AES Refuses to Modify My Private Student Loan Payment So I Can Afford It


Dear Steve,

Okay, so I graduated from school about two years ago and accumulated roughly 90K in federal and student loan debt. During this time I was not able to find a suitable job.

The only job I’ve had in that span is a part time job at a local warehouse store where I get paid 10.50/hour. Obviously not enough to make my monthly loan payments.

The federal loans, which make up about half of the debt are in forbearance. As for the private student loans, well that situation is getting ugly.

I recently defaulted on five out of my 8 loans. This is after trying to negotiate lower payments with my lender and being denied a loan modification program (for stupid reasons!). I actually went to my state representative’s office and filed a complaint with the CFPB about my loan servicer, which is AES, the worst company I’ve ever dealt with for anything.

Long story short they withheld necessary information from me regarding the application for the modification program on how I was supposed to fill it out and every time I called I got a different story from the representative I was speaking to.

I called my lender and they were only willing to allow me to pay $500 on the defaulted loans and as for the other ones the new application is processing for the modification program that will lower the payments. Who knows what’s going to happen there. All in all I’ll actually be paying more than what my minimum payments were before this whole mess began.

I also asked how much it would cost to settle and they told me that they could only go as low as 90 cents on the dollar which would only save me 5K. I’ve been seriously thinking about this and I really need to start saving money up for retirement (I’m 26 by the way) and just to have money saved up in general for emergencies. At this point I don’t care about my credit score but I do care about my father’s who co-signed. I feel quite guilty about that. I live at home with him and my car is nearly paid off.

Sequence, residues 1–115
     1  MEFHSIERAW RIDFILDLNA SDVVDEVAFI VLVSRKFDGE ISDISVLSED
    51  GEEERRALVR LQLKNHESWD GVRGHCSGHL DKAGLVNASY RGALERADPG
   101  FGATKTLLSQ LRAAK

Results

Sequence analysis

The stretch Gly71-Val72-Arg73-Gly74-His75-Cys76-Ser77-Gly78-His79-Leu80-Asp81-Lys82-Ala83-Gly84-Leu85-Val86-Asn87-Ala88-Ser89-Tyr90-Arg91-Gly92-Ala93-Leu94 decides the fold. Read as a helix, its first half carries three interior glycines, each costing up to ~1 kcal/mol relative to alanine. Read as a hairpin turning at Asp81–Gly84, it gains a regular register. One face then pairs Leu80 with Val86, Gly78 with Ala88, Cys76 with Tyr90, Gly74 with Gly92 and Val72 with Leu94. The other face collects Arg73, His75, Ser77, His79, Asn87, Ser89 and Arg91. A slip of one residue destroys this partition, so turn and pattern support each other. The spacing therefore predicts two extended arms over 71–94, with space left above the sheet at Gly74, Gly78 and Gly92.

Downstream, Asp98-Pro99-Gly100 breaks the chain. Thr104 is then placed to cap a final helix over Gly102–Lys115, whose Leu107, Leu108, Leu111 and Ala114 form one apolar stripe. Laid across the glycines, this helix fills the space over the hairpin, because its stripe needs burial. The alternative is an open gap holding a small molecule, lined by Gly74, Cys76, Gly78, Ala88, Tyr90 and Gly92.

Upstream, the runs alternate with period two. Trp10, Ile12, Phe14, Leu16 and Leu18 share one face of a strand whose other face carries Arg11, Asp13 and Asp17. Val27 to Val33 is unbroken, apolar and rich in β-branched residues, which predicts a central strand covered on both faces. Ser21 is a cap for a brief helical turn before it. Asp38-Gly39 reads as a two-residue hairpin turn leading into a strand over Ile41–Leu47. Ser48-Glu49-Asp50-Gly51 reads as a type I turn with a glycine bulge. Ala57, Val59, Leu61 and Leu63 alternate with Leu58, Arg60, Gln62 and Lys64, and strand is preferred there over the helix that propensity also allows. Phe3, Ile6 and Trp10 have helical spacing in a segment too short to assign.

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Should I wait and see if my lender is willing to work with me and possibly lower my payments or settle for less? Or should I just file for bankruptcy (Ch. 13) and get my finances together? Also, I’ve already scheduled an appointment with a local bankruptcy attorney.



Dear Patrick,

The federal student loan debt is much easier to deal with to get a more affordable payment. You just need to consolidate those federal loans into a new Direct Loan and then elect an income driven repayment option to determine your monthly payment. Based on income, the payment can be as little as 10 percent of discretionary income. See this post for help. But there are issues to be aware of.

Do You Have a Question You'd Like Help With? Contact Debt Coach Damon Day. Click here to reach Damon.

The private loans are certainly more problematic. Private lenders are not required to make any adjustment or modification. They are not required to offer any reasonable or affordable repayment plan other than what was agreed to when the loans were taken out.

And having a co-signer is a big problem. A co-signer guarantees the loan payments and if you don’t pay then they can go after the co-signer. In fact, if you file bankruptcy, in some cases it can accelerate the total amount due and your father can be pursued.

Before you elect to do anything with the private loans or let them default, I would absolutely urge you to develop a strategy to deal with them in conjunction with your co-signer. Together you may elect to engage in a strategic default strategy in hopes of getting a favorable settlement. See Top 10 Reasons You Should Stop Paying Your Unaffordable Private Student Loan. But if you do decide to go that route I would absolutely urge you to hire an experienced attorney in these matters or a debt coach like Damon Day.

Without an experienced professional to help guide you through the private student loan settlement process you have no idea if the offer you are getting is good or bad. In fact, you would be the least qualified person to represent yourself against a process that you don’t know.

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In fact, there are many factors that go into dealing with private student loans. You need to be aware of how the loans were used, validation, school certification, etc.

I’m glad you are going to meet with a bankruptcy attorney. The more information you have, the better off you will be. I would make sure you have a discussion with the attorney to the risk your co-signer faces when you file bankruptcy.

Damon Day - Pro Debt Coach

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Steve Rhode is the Get Out of Debt Guy and has been helping good people with bad debt problems since 1994. You can learn more about Steve, here.
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